When I was a teenager, I was convinced that aliens were here. It seemed completely plausible to my 13-year-old self that humanoid creatures from other planets could be visiting us in strange, saucer-like spacecraft. After all, look at all these people on the internet! They can’t be lying! There may have been some influence from my obsession with David Duchovny on The X-Files… but I digress.
As you can imagine, today I find the visitation of Earth by “little green men” to be extremely implausible. UFOs and alien visitation have occupied skeptical discourse for decades, as a quick glance at the archives of a publication such as Skeptical Inquirer will reveal. The more interesting question to me is: Why aren’t They here?
Famed physicist Enrico Fermi asked this very same question in 1950 around the lunch table at Los Alamos National Laboratory. Discussing a recent New Yorker cartoon in which saucer-flying aliens are carrying off New York city trashcans (I still don’t get it), Fermi set off a historic conversation by asking his colleagues, well, where ARE the aliens?
Here is the justification for his surprise: If you just look at our little corner of the cosmos, the Milky Way Galaxy, we have 100 billion stars, and the Universe has been around for over 13 billion years. After about 5 billion years of star-formation history, enough “heavy elements” like carbon, silicon, and oxygen, required for planet formation and “life as we know it” should have been available to start making planets. Our planet was formed another 3 or 4 billion years later, so there may have been planets that had a huge head-start on us in regards to time to form life.
Assuming the “Principle of Mediocrity,” or the idea that there is nothing necessarily special about the Earth, shouldn’t life have arisen elsewhere? Even if sentient life is a one in a hundred million chance, that gives us approximately 1000 civilizations, or one every few million years. Homo sapiens is only 150,000 years old. Given millions or billions of years, a sentient race should have colonized the Galaxy by now! So… why aren’t we inundated with visitors from another world? It’s a disquieting notion when you stop to think about it.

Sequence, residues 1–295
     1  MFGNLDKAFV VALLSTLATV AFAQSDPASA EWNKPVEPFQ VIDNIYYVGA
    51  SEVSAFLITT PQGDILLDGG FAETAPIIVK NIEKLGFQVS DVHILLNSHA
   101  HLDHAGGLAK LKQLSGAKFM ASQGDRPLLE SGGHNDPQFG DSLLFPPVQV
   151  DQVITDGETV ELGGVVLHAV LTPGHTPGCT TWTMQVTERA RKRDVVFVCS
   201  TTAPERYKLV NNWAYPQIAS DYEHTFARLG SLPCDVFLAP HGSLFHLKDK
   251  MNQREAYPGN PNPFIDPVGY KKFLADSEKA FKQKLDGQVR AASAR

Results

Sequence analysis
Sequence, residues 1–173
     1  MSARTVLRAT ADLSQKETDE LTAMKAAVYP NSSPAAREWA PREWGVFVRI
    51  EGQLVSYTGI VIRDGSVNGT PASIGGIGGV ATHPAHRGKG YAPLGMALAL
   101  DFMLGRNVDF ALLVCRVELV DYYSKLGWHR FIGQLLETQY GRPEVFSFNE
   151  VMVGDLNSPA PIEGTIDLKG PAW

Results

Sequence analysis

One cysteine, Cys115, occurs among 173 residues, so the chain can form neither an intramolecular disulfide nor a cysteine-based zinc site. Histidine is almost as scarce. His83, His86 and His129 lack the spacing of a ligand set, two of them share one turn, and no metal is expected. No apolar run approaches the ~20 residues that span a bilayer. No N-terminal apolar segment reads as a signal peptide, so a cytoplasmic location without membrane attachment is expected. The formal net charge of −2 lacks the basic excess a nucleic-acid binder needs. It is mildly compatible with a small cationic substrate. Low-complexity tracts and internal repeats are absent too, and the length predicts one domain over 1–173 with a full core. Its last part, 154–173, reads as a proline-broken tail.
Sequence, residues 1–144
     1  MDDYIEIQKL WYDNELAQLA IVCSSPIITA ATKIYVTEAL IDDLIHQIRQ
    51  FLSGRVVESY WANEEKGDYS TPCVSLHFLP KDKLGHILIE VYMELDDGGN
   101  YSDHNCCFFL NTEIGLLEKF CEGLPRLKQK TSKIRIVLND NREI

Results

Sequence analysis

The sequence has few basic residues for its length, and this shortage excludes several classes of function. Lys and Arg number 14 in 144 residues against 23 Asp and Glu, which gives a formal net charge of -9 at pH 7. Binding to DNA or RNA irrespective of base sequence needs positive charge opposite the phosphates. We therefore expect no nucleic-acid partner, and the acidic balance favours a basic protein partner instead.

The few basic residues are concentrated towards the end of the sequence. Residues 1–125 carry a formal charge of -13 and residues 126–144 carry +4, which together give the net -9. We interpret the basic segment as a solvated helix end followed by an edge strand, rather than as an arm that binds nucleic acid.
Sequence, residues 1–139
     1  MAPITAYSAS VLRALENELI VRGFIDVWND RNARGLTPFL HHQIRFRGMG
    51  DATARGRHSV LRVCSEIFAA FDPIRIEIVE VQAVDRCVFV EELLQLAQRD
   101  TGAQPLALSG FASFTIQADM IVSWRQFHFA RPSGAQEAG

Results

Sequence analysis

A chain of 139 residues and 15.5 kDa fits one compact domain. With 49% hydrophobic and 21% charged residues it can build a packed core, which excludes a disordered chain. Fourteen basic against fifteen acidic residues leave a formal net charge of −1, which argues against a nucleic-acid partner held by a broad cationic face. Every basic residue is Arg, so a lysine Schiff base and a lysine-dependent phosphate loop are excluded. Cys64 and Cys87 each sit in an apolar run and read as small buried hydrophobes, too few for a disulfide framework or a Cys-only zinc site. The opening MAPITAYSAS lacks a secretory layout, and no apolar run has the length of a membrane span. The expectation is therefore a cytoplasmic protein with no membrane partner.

The possible answers to this Fermi Paradox* fall into three main categories:
Scenario 1: They are here, but they are being discreet about it.
So, maybe the UFO-believers are on to something. Maybe the extraterrestrials are buzzing by us all the time, but they have some sort of policy of non-intervention with young species like ours. Hmmm… this sounds familiar. Star Trek popularized this idea with the “Prime Directive.” This explanation does not sit well with me because of two words.
Sexy ladies? That’s a great reason to violate the Prime Directive! I feel like it? That’s a good reason, too! In 1000 Galactic civilizations, I find it hard to believe that there are no Captain Kirks.
Plus, it’s a tiny bit self-important to think that we’ve just been sheltered all this time.
Scenario 2: They haven’t/never made it here.
It could be the case that life is easy to create. It may even be plausible for sentient life to have formed several times, despite the challenges. That doesn’t necessarily mean that our extraterrestrial cousins wanted to spread out and colonize, though that notion may seem alien to us. There is also the distinct possibility that these civilizations never made it through their technological adolescence without exterminating themselves. Or, maybe interstellar travel REALLY is that hard to do. That’s right, no warp drive, fellow Trekkies.
Scenario 3: We are really the first sentient species in the Galaxy.
Well… damn. This is not very positive, especially for supporters of various SETI programs, but we have to acknowledge the possibility that we might be the very first sentient, intelligent, traveling, communicating beings, at least within the reasonable distances of our Galaxy and that is why we have not yet made “first contact.”
This is a topic that has fascinated people for decades, and we could easily amuse ourselves arguing the different sides for a long time. (In fact, I taught a whole college course on this!) We now know that planets are everywhere and that the building blocks of life litter the Galaxy. But then… where is everyone? Why do we still seem so alone? Until we find evidence of extraterrestrials, or until we colonize the Galaxy ourselves, I don’t think we can properly answer this question. But is fun to speculate.
Thanks to everyone who commented on my last post, referencing this idea in some way! I have to give much credit also to Bob Rood, recently deceased astronomy professor at UVa and creator of the “Life Beyond Earth” course, and to Ed Murphy, current professor at UVa, for mentoring me through this fascinating topic as I prepared to teach it.
*It might be more accurately called the Tsiolkovsky-Fermi-Viewing-Hart Paradox, since it was discovered independently four different times.